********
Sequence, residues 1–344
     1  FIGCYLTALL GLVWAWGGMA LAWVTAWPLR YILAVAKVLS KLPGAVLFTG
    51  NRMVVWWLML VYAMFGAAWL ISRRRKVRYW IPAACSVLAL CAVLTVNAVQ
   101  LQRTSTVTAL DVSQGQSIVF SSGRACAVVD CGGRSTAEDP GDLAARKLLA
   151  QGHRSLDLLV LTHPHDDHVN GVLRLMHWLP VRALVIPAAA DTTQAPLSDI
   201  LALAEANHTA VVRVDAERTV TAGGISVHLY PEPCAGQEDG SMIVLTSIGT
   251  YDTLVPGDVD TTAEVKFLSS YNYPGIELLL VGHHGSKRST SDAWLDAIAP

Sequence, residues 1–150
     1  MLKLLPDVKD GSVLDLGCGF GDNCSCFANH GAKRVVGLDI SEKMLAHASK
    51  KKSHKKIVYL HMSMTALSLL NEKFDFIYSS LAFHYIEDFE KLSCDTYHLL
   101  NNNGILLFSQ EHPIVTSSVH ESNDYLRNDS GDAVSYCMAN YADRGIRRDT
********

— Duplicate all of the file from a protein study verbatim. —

Sequence, residues 1–344
     1  FIGCYLTALL GLVWAWGGMA LAWVTAWPLR YILAVAKVLS KLPGAVLFTG
    51  NRMVVWWLML VYAMFGAAWL ISRRRKVRYW IPAACSVLAL CAVLTVNAVQ
   101  LQRTSTVTAL DVSQGQSIVF SSGRACAVVD CGGRSTAEDP GDLAARKLLA
   151  QGHRSLDLLV LTHPHDDHVN GVLRLMHWLP VRALVIPAAA DTTQAPLSDI
   201  LALAEANHTA VVRVDAERTV TAGGISVHLY PEPCAGQEDG SMIVLTSIGT
   251  YDTLVPGDVD TTAEVKFLSS YNYPGIELLL VGHHGSKRST SDAWLDAIAP

Sequence, residues 1–150
     1  MLKLLPDVKD GSVLDLGCGF GDNCSCFANH GAKRVVGLDI SEKMLAHASK
    51  KKSHKKIVYL HMSMTALSLL NEKFDFIYSS LAFHYIEDFE KLSCDTYHLL
   101  NNNGILLFSQ EHPIVTSSVH ESNDYLRNDS GDAVSYCMAN YADRGIRRDT